Volume 12 Part 1 Article 52
Title: The Effect of Temperature Manipulation during Cropping on the Flushing Pattern of a Hybrid Strain of the Cultivated Mushroom, Agaricus bisporus
Authors: M.E. Love and J.F. Smith
Strains of A. bisporus produce a distinct pattern of fruit body formation during the cropping cycle. Mushrooms grow in “flushes” which occur at approximately weekly intervals. Therefore, to harvest a high-yielding, good quality crop requires each flush to be picked over several days.
Experiments to investigate the effect of temperature manipulation during the cropping cycle have shown that improved synchronisation of growth within flushes can be achieved (Flegg 1979b, 1980). Recent investigations using two commercially available strains of A. bisporus, a smooth white and an off-white type, produced the highest degree of synchronisation when mushrooms grown at 16-18°C, were exposed to temperatures of 24°C and 22°C respectively after attaining a cap diameter of 1 cm (Love, Smith and Randle 1986). Exposure to a period of elevated temperature resulted in the mortality of small, latedeveloping sporophores of the flush whilst allowing any fruit bodies with a cap diameter of 1 cm or more to mature rapidly to a harvestable size and so reduce flush duration. This temperature treatment, although producing no significant reduction in yield, reduced the number of fruit bodies and thereby increased the average weihgt of individual mushrooms. Good quality fruit bodies of similar size and maturity were harvested in fewer picking days than that achieved using the standard procedure of growing where only one temperature is used throughout the cropping cycle.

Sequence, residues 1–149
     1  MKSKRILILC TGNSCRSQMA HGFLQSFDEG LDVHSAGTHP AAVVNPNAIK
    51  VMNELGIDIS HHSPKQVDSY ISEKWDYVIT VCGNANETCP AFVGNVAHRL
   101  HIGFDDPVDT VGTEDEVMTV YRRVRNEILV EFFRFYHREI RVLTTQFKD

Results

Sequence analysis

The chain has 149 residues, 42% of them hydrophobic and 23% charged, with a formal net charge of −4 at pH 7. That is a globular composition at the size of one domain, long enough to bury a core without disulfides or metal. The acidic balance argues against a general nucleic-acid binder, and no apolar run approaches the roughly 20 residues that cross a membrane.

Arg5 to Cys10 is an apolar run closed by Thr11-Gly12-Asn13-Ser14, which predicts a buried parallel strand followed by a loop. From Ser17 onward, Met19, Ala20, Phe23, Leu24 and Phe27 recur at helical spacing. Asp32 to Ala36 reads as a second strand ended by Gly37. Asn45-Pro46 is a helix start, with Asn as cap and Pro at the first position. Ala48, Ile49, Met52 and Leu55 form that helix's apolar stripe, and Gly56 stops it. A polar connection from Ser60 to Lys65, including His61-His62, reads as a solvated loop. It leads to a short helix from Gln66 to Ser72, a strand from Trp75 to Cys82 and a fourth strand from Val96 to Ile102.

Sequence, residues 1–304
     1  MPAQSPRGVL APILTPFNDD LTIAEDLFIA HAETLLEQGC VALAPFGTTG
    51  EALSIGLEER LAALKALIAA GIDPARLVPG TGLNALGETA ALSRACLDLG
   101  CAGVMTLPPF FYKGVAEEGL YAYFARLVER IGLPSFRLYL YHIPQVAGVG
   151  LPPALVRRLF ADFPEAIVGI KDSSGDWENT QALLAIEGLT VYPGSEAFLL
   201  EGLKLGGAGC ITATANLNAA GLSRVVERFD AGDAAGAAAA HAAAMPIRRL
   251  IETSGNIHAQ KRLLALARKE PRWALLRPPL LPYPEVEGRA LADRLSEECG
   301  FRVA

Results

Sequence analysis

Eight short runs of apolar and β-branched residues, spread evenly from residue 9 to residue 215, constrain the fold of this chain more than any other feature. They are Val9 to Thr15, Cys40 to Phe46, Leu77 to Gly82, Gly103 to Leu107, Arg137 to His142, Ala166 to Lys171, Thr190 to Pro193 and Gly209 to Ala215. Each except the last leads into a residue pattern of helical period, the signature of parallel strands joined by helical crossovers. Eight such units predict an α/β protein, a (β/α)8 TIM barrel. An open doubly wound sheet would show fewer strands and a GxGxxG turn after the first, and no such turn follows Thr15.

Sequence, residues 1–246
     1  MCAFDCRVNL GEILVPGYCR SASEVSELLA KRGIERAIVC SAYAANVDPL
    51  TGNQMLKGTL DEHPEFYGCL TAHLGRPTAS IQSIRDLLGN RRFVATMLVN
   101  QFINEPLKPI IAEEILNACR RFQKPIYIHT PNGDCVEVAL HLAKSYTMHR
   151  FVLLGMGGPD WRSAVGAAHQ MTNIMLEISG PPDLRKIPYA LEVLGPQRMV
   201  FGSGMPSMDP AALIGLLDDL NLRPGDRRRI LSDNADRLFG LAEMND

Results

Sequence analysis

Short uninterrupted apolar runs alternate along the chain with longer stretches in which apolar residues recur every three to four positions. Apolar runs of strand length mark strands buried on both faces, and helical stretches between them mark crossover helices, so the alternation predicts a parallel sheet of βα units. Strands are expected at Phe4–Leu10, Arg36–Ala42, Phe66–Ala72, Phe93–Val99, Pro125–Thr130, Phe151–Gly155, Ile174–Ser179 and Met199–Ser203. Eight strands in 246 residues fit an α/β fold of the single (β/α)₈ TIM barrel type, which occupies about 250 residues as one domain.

The experiments reported here were done to determine if a similar method of temperature manipulation could be used to improve synchronisation of growth within flushes of a hybrid strain now popular with U.K. growers.Please login to download the PDF for this proceeding.